Can wild cats be domesticated? How to Tame a Feral Cat

feral cat on the sidewalk

Feral cats (another name for homeless cats who have spent their whole lives outside) are born in the wild and have had minimal human contact. Many animal enthusiasts who come into contact with a feral cat wonder if they may be tamed, taught, and eventually accepted into their house as a pet, especially if the cat is living outside in cold weather or in a frequently frequented and/or possibly dangerous location.

The good news is that wild cats can be your new permanent feline companion. However, there are many crucial stages that must be completed first, since domesticating a wild cat is difficult for the faint of heart and will take a significant amount of time and patience.

What to Do If You Find a Feral Cat

If you find yourself in the company of a wild cat, whether it wandered into your yard or you regularly see a certain stray cat roaming around your neighborhood, there are some actions you can take to protect both your and the kitty's safety. Keep in mind that because these cats have never had the pleasure of forming a genuine attachment with a person, they typically regard all humans as huge predators and are not hesitant to act as such by biting, hissing, clawing, or otherwise assaulting you.

You should also avoid approaching a sick cat, even if you want to do everything you can to help the unfortunate creature. If a wild cat appears at your back door out of nowhere, there's a good possibility he or she has rabies, and it's far better to notify animal control than to risk getting bitten or scratched and needing medical treatment.

Above all, anybody considering taming a feral cat should be aware that it will most likely take several weeks—or perhaps longer if you've acquired a very fearful feline—so patience is essential.

How to Tame a Feral Cat

The age and personality of the cat, as well as the sorts of experiences the cat has had on the street (including past contacts with other humans), will all influence your ability to tame a wild cat.

But there is one weapon in our armory that can substantially improve your chances of successfully teaching a wild cat: food. If you wish to tame a feral cat in your area, start by creating a feeding schedule. For instance, make sure you feed your cat at the same time and in the same spot every day, possibly in a designated area on your porch or patio.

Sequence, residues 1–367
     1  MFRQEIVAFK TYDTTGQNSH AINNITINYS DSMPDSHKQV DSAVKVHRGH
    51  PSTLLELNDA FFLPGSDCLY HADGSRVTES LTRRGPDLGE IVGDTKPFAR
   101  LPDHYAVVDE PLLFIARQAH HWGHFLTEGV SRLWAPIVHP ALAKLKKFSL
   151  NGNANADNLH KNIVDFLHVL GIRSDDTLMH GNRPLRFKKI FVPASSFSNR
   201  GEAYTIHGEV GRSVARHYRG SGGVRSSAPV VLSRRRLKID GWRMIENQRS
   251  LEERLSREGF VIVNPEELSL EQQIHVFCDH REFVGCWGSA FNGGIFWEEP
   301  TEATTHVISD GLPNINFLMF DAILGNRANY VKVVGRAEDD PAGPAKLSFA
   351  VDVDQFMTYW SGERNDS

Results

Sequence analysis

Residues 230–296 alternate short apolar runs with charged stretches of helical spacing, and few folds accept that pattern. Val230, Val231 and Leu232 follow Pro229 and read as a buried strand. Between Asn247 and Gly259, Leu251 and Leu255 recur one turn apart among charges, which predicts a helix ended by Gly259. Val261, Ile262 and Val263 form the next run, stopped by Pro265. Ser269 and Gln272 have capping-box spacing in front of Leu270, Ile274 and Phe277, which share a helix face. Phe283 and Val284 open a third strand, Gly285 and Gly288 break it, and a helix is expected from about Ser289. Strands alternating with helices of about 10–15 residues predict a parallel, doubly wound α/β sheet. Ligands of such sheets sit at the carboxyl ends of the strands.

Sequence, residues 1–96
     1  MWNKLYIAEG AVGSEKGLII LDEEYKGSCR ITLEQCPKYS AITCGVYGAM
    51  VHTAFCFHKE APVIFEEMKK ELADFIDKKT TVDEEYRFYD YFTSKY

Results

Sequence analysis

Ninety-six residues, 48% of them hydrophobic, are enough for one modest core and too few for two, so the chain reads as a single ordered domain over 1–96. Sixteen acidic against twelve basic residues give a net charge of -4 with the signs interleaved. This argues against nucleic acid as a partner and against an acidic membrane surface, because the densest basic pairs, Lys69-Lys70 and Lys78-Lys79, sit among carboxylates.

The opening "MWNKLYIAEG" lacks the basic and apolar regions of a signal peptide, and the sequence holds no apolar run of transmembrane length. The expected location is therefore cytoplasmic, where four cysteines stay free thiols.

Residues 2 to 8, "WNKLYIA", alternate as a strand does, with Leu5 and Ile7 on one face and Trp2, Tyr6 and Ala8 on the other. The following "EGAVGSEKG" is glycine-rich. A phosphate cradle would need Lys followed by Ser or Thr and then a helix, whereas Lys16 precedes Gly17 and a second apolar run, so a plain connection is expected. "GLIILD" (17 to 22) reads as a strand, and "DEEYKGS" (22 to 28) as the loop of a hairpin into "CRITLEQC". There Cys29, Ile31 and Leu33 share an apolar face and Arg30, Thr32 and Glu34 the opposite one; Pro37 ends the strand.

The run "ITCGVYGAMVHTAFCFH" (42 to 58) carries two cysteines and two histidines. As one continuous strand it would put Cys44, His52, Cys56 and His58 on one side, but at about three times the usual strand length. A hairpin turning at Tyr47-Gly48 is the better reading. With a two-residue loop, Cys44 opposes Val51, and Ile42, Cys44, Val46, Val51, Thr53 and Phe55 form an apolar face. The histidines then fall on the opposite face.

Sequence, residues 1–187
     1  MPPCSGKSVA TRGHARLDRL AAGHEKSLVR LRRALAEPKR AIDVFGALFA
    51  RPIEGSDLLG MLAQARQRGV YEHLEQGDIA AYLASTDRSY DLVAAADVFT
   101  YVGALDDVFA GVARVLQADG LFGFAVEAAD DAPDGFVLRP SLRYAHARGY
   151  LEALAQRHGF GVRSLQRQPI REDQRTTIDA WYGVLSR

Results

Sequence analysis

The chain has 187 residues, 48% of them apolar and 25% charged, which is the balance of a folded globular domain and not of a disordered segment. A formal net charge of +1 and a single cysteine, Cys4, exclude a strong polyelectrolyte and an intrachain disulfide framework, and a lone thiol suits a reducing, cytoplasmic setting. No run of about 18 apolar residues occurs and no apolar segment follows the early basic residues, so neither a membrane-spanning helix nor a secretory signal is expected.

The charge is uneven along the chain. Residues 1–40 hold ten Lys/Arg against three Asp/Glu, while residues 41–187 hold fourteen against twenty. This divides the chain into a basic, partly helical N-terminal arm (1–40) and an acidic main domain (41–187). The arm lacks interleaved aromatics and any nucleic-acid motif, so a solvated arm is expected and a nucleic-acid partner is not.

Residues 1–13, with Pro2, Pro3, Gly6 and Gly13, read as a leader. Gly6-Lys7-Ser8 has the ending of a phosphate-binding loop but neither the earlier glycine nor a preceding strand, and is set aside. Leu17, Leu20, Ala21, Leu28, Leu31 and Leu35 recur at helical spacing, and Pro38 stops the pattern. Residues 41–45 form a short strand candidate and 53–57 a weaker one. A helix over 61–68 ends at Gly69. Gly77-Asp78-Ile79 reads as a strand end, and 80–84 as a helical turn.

When you see the cat, though, avoid making eye contact (like dogs, eye contact can be perceived as a threat). Instead, sit or stand quietly in the nearby vicinity while the kitten feeds, being motionless and quiet. After a few days, you should be able to talk calmly and reassuringly to your cat.

If the cat appears to be letting down its guard and beginning to trust you, try bringing the food closer to you every day. You might also include a couple extra goodies with the dinner. It's crucial to remember that you won't want to touch the cat unless you're certain he or she will let you. Attempt reaching out to pet the cat without making any abrupt movements when you're ready to try it. If the cat resists your contact, wait a few days before attempting again. Allow the cat to sniff your finger or the back of your cupped palm (fingers curved inward to face yourself) before allowing it to approach you. You can eventually graduate to stroking the cat and even picking it up gently. Always remember to fully wash your hands and arms after touching stray animals.

Safety and Other Considerations When Bringing Home a Feral Cat

While it may appear that you may finally welcome your new kitty companion inside, you should avoid doing so, especially if you have other pets (or children). Instead, take the cat to the veterinarian for a thorough examination, immunizations, and spaying or neutering (this will, of course, require the cat trusting you enough to put it into a crate for the trip). This stage may take many attempts, but it is critical for your health and safety, as well as the health and safety of your new cat.

If your vet has given you the green light and you're ready to welcome your new feline into your house, start by creating a particular peaceful, somewhat secluded room exclusively for the cat. Consider include cat trees, towers, scratching posts, and hiding and sleeping areas in your cat's new living space. Don't forget the essentials, such as a cat food and drink bowl, as well as a litter box. Even cats who have spent their whole lives outside can usually comprehend the notion quite quickly.

Keep your interactions short until your new cat appears to be at ease in its new surroundings. Your new cat should eventually forget about their days on the street and be pleased to rest and play with their new family at home.

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